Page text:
August 5, 2021
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The Governors Highway Safety Association issued the first report from the Behavioral Traffic Safety Cooperative Research Program – a collaboration between GHSA, the Transportation Research Board, and the National Highway Traffic Safety Administration that seeks to increase understanding of behavioral traffic safety topics and propose practical solutions.

[Above photo by Caltrans.]

This new report – entitled Using Electronic Devices While Driving: Legislation and Enforcement Implications – examines ways to improve state laws and enforcement efforts to curb “distracted driver” crashes, which killed 3,142 people in 2019, up nearly 10 percent from 2018.

Photo by the California Highway Patrol

For this report, GHSA noted in a statement that researchers at Westat reviewed distracted driving laws as well as enforcement and public education practices across the United States and Canada to develop a library of resources and best practices that states and other stakeholders can use to enact or revise their laws and enhance enforcement and education efforts.

Those researchers found that jurisdictions with strong traffic safety laws, supported by enforcement, public education and outreach, tend to have lower overall traffic fatality rates. They added that the most effective anti-distracted driver state laws and safety efforts shared four common elements:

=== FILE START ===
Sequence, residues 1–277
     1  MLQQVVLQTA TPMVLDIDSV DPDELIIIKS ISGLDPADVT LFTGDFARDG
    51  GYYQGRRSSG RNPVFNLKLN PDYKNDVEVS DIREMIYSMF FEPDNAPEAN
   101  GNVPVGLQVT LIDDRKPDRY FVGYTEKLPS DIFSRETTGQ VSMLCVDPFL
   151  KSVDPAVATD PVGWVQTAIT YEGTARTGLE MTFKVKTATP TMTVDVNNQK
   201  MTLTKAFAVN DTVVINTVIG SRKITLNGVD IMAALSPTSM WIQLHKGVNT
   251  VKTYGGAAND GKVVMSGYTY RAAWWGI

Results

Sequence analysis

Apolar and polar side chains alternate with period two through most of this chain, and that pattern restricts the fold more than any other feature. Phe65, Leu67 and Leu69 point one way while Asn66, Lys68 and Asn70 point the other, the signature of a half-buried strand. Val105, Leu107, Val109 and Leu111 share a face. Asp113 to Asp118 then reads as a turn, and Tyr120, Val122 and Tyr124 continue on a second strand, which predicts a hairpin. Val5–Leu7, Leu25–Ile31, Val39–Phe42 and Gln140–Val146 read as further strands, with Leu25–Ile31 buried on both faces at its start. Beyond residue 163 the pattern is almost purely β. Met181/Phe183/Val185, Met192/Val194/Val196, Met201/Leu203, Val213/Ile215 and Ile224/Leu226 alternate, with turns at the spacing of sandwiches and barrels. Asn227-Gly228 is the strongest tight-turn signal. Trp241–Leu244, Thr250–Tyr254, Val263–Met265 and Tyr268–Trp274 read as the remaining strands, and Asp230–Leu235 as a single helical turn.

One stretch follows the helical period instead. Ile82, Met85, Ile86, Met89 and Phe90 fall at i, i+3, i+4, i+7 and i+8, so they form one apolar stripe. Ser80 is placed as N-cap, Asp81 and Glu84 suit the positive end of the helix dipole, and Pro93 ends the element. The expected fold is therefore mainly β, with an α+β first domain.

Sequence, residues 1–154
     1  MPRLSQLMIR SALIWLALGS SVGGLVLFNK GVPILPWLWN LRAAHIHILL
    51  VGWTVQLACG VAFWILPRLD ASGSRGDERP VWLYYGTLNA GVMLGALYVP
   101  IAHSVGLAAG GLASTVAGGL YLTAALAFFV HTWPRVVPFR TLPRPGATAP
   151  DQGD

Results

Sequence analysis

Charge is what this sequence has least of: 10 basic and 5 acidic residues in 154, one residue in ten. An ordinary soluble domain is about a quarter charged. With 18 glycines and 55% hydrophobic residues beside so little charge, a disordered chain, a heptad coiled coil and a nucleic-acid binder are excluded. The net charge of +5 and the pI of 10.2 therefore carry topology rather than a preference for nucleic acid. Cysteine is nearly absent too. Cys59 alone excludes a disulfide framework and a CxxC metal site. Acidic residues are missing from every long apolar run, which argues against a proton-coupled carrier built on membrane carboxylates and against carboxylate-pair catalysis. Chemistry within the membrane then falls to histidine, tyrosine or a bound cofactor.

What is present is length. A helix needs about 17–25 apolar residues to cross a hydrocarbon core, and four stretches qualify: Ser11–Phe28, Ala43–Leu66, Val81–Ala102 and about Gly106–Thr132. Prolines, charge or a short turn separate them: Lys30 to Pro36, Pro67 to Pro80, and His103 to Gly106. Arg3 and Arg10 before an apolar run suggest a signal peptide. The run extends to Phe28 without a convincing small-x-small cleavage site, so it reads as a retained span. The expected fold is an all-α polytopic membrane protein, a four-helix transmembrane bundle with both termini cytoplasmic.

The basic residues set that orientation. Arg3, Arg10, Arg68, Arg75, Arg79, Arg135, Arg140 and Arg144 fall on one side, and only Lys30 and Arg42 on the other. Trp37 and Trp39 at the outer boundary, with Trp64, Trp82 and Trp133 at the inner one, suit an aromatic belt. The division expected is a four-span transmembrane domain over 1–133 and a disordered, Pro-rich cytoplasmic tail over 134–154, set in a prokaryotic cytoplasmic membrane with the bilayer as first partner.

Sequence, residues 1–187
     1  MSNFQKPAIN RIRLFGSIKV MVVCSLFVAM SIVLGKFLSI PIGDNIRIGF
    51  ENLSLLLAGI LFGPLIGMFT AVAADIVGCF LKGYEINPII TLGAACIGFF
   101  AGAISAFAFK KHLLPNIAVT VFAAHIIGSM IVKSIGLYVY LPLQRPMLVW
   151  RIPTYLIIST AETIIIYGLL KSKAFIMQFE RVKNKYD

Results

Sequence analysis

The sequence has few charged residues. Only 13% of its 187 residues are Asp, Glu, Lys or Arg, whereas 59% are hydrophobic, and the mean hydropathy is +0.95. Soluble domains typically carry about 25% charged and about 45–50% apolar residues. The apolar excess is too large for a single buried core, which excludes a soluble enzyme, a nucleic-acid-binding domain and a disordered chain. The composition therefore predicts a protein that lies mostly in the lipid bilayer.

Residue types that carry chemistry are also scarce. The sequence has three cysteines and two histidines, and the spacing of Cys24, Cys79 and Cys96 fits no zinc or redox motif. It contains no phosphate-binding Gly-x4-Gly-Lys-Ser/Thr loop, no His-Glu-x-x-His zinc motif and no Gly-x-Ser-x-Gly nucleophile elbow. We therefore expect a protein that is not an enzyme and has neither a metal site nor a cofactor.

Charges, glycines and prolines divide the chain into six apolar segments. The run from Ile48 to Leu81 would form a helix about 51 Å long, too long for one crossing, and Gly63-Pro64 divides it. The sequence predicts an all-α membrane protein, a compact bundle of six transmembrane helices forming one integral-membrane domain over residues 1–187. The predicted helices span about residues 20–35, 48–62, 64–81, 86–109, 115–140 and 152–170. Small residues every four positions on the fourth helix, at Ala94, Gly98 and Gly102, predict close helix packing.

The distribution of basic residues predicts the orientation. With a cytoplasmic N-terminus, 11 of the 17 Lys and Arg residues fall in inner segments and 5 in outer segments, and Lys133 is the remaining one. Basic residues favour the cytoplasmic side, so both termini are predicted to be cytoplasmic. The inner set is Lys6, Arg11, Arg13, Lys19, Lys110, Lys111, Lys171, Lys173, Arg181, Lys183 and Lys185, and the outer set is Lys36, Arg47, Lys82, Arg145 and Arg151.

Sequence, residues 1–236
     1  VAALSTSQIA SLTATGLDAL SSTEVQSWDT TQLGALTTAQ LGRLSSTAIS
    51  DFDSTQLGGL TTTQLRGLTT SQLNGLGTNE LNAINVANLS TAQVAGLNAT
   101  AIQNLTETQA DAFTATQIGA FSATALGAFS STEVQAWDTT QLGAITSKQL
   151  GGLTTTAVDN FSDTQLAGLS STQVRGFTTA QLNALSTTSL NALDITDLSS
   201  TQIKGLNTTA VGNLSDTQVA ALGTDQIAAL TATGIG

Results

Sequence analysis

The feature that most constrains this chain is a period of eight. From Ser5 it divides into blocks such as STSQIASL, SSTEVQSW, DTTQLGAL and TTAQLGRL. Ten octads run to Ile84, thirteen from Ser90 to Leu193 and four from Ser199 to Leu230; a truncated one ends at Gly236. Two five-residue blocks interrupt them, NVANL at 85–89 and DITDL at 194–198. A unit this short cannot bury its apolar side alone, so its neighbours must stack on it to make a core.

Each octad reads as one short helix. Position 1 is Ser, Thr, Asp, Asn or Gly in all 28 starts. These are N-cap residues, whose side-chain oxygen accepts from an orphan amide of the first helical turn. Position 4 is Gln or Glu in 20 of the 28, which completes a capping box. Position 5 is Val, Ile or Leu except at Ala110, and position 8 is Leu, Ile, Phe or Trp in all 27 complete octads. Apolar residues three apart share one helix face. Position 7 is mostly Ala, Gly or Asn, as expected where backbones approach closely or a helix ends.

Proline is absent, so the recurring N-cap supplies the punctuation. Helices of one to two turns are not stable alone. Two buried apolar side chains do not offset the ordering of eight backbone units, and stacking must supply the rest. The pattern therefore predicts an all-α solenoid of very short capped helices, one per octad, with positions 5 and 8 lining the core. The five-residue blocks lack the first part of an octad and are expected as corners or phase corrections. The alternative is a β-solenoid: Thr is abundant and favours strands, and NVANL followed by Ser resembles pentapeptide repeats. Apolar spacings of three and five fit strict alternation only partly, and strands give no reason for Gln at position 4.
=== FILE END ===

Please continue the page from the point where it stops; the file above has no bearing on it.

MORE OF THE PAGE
• Unambiguous statutory language that clearly defines when and how wireless devices can and cannot be used.
  • Penalties and fines in line with other traffic citations.
  • A combination of high-visibility enforcement of the law and targeted public information, education and outreach campaigns.
  • Sustained coalition-building efforts.

TRB plans to host a webinar on March 15 from 1 to 2:30 p.m. ET to discuss the report’s findings, examine distracted driving public awareness strategies and successes in various jurisdictions, and share best practices with stakeholders.

Along similar lines, NHTSA recently formed a data-sharing partnership with eight automakers and MITRE Corp. that seeks ways to use traffic analytics to improve roadway safety.

In January, that group – called Partnership for Analytics Research in Traffic Safety or PARTS – began a study that encompasses some 40 million vehicles from model year 2015 to 2021 to analyze the effectiveness of Advanced Driver Assistance Systems (ADAS), including Automatic Emergency Braking (AEB) systems and lane management systems.

The group said in a statement that the study’s results should provide “real-world insights” into the current safety benefits and emerging safety opportunities of both current ADAS technologies and future Automated Driving Systems (ADS) as well.

editor@aashto.org

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